Psychotherapists Renton WA

It's important to recognize that everything in life isn't permanent. Change is wiser than we are. Oftentimes the world we want to construct is really quite a small one. Change can break that way open and reveal possibilities we never could have thought of ourselves. Change is an ally, not an enemy. The stress comes when we try to hold on too tightly.

Trina Tobey
(425) 228-5336
600 Oakesdale Ave SW Ste 104
Renton, WA
Services
Problem Related to Abuse or Neglect (e.g., domestic violence, child abuse), PostTraumatic Stress Disorder or Acute Trauma Reaction, Family Psychotherapy, Play Therapy, Anxiety Disorder (e.g., generalized anxiety, phobia, panic or obsessive-compulsive disorder)
Ages Served
Adolescents (13-17 yrs.)
Children (3-12 yrs.)
Adults (18-64 yrs.)
Languages Spoken
Spanish
Education Info
Doctoral Program: University of Indianapolis
Credentialed Since: 2009-12-28

Data Provided by:
Highline West Seattle Mental Health
(425) 264-2070
923 Powell Ave SW
Renton, WA
Industry
Mental Health Professional

Data Provided by:
Eamonn C Swords
(425) 656-4055
4445 Talbot Rd S
Renton, WA
Specialty
Psychiatry

Data Provided by:
Minjing Wu
(425) 656-4055
4445 Talbot Rd S
Renton, WA
Specialty
Psychiatry

Data Provided by:
Ronald Cohen
(425) 656-4055
4445 Talbot Rd S
Renton, WA
Specialty
Psychiatry

Data Provided by:
Kevin V. Connolly
(425) 228-5336
600 Oakesdale Ave SW
Renton, WA
Services
Behavioral Health Intervention involving Medical Conditions/Disorder, Anxiety Disorder (e.g., generalized anxiety, phobia, panic or obsessive-compulsive disorder), Couples Psychotherapy, Mood Disorder (e.g., depression, manic-depressive disorder), Behavioral Health Intervention involving Primary Care
Ages Served
Adolescents (13-17 yrs.)
Adults (18-64 yrs.)
Older adults (65 yrs. or older)
Education Info
Doctoral Program: St John's University
Credentialed Since: 1986-12-09

Data Provided by:
Anoy J Sands
(425) 226-9636
17600 Talbot Rd S #7
Renton, WA
Specialty
Psychiatry, Neuropsychiatry

Data Provided by:
Foothills Massage Therapy
(425) 830-8308
401 Olympia Ave NE
Renton, WA
Industry
Massage Practitioner, Mental Health Professional, Midwife

Data Provided by:
Triet M Nguyen
(425) 656-4055
4445 Talbot Rd S
Renton, WA
Specialty
Psychiatry

Data Provided by:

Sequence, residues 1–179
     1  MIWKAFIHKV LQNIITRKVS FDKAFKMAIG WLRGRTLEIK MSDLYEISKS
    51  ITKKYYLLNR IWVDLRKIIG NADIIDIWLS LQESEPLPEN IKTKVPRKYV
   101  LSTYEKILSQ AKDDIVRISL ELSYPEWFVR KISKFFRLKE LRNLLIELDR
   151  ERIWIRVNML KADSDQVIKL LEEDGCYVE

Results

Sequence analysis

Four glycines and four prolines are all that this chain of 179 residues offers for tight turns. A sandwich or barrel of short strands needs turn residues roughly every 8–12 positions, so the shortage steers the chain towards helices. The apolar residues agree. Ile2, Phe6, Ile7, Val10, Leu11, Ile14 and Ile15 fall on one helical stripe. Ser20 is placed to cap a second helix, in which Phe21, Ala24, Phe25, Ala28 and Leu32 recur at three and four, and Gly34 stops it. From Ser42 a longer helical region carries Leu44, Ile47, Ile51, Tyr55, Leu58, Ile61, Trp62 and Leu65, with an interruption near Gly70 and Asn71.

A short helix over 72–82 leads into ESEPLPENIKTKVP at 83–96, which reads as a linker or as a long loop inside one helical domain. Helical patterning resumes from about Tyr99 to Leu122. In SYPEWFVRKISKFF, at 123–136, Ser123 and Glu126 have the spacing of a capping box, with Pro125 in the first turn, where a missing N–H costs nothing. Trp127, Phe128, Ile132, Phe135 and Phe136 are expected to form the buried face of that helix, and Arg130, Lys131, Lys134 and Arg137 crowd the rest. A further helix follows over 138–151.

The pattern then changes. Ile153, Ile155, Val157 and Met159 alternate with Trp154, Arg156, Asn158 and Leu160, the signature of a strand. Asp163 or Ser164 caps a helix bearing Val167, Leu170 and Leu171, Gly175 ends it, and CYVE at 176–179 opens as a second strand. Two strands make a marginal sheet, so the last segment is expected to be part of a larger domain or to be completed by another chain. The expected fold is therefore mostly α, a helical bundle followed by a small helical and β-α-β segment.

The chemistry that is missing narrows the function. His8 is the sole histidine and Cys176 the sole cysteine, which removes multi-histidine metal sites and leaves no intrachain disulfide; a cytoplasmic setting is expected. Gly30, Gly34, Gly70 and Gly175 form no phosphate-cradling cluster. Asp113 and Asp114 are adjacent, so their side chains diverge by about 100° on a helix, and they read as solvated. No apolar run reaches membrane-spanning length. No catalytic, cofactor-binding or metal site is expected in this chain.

Shannon L Corbin
(425) 656-4055
4445 Talbot Rd S
Renton, WA
Specialty
Psychiatry

Data Provided by:
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Accepting Change

Provided by: 

By Judy Rooks

You have a unique view regarding change. How would you describe it?

First of all, it’s important to recognize that everything in life isn’t permanent. Change is wiser than we are. Oftentimes the world we want to construct is really quite a small one. Change can break that way open and reveal possibilities we never could have thought of ourselves. Change is an ally, not an enemy. The stress comes when we try to hold on too tightly.

How should we deal with change in order to grow?

First and foremost, it’s important for you to understand—and embrace—the fact that you’re an initiate in a great rite of passage that will lead to transformation. In those moments of immense change, you die to who you were, and you are not yet reborn to who you will be. You’ve embarked on a journey.

Could you identify the stages needed to move through this process?

There are three parts to moving from one stage of life to the next. First, you separate from the world you once knew. Whether you’re fired from a job or getting married or moving, you’re experiencing separation. Your old life is behind. Next, you enter the time between “no longer and not yet.” This is an uncomfortable, scary place, because you can’t control it. Try to view this as a sacred time of wandering. Our usual way of thinking is in the box. The “no longer and not yet” offers new inspiration, breakthroughs, and recognition of overlooked strengths. Finally, you adjust. You begin to form a new life, and you bring with you your own gifts and an expanded sense of who you are. You become more fully human.

Is this a lesson in optimism?

We can all learn to think optimistically. During unwanted change, we can hold onto the idea that difficult life circumstances are challenges that provide the framework for growth. Pessimists take things personally, think problems are pervasive, and believe their situation is permanent. Optimists see change as a challenge. They believe they have choices and can control the outcome of their lives, yet they don’t waste time or spin their wheels trying to control the uncontrollable. They’re dedicated and committed people. Change is a challenge and not a threat.

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